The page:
To make matters worse, it is always tempting to try and get a little close for a good photo opportunity. But, given the hippo's reputation, I, for one, never got within a stone's throw of one while I was on foot and they were in shallow water. A person should always keep in mind that these killers are not only deadly in water but also have the ability to run 25 miles per hour on land, or faster than the fastest human being in the world.

All you can really do is put your trust in your guides and listen to their every word and instruction.

On a sidenote, I got my invoice from Star Of Africa today and my transfers were a little less than I expected them to cost. For my air transfers of Lusaka-Jeki (Lower Zambezi NP)-Lusaka and Lusaka-Mfuwe-Lusaka, it cost a total of $500 USD pp, which is not cheap by any stretch of the imagination, but possibly $100 less pp than I expected.

I don't wish to expand on it too much, but my 23 night trip to Italy and Zambia, including all airfare, ended up being less than $10,000 USD, and averaging out to less than $215 pppns.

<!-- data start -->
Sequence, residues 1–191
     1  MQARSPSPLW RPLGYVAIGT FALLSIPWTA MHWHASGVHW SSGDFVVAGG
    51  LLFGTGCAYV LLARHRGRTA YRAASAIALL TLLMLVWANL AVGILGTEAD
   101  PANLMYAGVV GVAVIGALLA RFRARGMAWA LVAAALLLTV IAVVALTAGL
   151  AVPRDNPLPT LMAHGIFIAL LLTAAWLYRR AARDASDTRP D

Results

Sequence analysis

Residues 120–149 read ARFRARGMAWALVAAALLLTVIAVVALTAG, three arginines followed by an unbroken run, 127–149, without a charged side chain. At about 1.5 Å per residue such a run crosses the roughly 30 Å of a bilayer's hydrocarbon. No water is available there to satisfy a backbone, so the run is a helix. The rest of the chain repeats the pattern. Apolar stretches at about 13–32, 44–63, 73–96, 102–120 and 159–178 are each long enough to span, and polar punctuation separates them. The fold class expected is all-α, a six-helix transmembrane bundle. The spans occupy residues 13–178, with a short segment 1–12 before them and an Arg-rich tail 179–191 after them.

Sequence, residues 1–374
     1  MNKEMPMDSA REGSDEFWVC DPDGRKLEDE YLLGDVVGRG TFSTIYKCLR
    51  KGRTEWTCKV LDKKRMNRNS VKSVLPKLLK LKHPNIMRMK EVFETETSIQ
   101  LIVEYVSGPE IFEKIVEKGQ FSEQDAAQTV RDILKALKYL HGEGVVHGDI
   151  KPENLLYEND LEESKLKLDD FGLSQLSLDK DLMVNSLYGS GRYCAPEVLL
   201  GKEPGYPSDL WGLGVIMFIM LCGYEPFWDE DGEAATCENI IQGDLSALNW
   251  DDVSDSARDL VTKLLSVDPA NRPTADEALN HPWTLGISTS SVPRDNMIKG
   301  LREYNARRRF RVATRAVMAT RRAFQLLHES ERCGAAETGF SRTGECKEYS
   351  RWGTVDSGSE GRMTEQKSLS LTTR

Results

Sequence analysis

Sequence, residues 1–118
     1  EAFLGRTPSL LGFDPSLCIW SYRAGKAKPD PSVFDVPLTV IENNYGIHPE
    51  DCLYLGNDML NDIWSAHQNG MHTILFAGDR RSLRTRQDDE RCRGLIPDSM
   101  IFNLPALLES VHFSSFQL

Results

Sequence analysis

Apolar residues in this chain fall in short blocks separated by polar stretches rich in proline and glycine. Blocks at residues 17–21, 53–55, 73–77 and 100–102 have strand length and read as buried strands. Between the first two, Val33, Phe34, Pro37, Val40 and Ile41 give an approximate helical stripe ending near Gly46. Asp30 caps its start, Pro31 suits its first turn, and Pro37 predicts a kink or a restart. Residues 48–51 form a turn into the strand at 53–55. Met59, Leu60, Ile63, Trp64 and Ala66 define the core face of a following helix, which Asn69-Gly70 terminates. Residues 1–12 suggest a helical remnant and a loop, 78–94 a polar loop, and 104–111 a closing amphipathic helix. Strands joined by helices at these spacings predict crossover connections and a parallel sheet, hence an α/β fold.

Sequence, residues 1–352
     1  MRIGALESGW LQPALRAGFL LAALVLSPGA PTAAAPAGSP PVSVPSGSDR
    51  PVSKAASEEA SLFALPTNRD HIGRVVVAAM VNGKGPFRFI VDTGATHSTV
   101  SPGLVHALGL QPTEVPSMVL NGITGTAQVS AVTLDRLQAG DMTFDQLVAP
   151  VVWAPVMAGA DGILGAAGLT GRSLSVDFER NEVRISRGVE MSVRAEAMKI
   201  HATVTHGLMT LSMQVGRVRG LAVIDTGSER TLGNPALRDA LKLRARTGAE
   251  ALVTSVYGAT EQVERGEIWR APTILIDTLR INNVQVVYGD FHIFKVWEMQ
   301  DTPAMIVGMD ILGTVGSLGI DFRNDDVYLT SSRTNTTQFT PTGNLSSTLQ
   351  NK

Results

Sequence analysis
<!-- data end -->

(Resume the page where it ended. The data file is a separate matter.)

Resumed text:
I do hope to somehow get back for a short trip next year, but I'm not counting on it. The priority is India next February, but I can fit 3 nights in Hong Kong and a nice trip of the Golden Triangle in India within a two week period.

If I did have the blessing of two weeks in Africa next year, it would be in mid to late June and include Durban (2), Johannesburg (1), Makalolo Plains in Hwange, Zimbabwe (3), Kwando Songwe Village or Star Of Africa's Sussi & Chuma in Victoria Falls (2), Kwando Lagoon (3) and Mombo (3).
Roccco is offline  
Feb 26th, 2004, 06:35 AM
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I have only had one mildly frightening hippo encounter. Last August, we visited Queen Elizabeth NP in Uganda, and one morning went hiking in Chambora (sp?) Gorge, which is supposed to be a good place to view chimpanzees in the wild (we didn't see any chimps). Anyway, we hiked to the bottom of the gorge, where a small river flows and we came upon 30 or so hippos. When they heard us, they became startled and we thought all of them had fled downstream. Our guide led us to the bank of the river, and while we were standing there, the large, bull male came charging past us (quite close actually) -- he had apparently hung back to make sure his group escaped safely. Boy, was he fast, leaving large wakes behind. If he had wanted to, he could have trampled us all. Stupid guide and stupid tourists.